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Crown acknowledges its role in te reo Māori struggle

Hon Te Ururoa Flavell

Minita Whanaketanga Māori

Minister for Māori Development

5 April 2016

Crown acknowledges its role in te reo Māori struggle

The Māori Development Minister will move an amendment to the Māori Language (Te Reo Māori) Bill today to acknowledge that the Crown’s past policies and practices concerning the Māori language have had a detrimental effect on generations of iwi and Māori.

“The Crown acknowledges it has contributed to the decline in Māori language and its previous actions have had a negative impact on our language and culture”, says Te Ururoa Flavell.

“Māori are familiar with the painful memories recalled by our grandparents’ and parents’ generations who were discouraged, and in some cases physically abused, for speaking te reo Māori at school or in public places.

“I hope the statement goes some way to acknowledging the pain and loss suffered as a result of successive Crown policies that have denied and suppressed our right to use te reo Māori”, he says.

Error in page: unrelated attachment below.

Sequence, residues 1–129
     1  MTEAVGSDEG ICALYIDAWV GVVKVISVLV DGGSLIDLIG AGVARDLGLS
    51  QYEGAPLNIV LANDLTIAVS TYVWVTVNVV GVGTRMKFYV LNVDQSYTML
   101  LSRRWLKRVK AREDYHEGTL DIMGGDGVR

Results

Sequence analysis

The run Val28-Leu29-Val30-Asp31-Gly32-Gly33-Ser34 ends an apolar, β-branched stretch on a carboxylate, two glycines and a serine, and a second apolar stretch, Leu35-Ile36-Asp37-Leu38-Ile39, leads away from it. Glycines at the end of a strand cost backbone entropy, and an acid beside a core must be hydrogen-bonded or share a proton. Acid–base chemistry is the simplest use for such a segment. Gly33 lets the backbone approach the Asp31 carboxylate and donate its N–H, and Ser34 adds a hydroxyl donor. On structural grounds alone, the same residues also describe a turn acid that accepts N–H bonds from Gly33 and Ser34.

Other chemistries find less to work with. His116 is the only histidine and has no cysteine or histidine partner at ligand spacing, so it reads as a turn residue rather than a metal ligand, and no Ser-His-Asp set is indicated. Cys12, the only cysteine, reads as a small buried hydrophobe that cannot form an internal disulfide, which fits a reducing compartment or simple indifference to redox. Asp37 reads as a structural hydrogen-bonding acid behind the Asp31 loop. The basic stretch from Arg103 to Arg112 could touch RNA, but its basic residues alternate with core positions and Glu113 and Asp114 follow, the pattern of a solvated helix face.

Mr Flavell says the acknowledgement in the Bill is consistent with evidence presented at Waitangi Tribunal hearings and Treaty settlement deeds that record the specific impact Crown’s actions have had on several iwi.

“Those Treaty settlement deeds include powerful accounts about how Crown policies and practices have eroded a tribe’s ability to keep our language and culture alive.”

Mr Flavell says this amendment is not an attempt to address all historic grievances around te reo Māori.

“Importantly, the amendment to the bill is also forward-looking. It expressly states the Crown’s commitment to work in partnership with iwi and Māori to actively protect and promote te reo Māori.

“We need a collective effort from the Crown, iwi, Māori and the general public if te reo Māori is to thrive in the future.”


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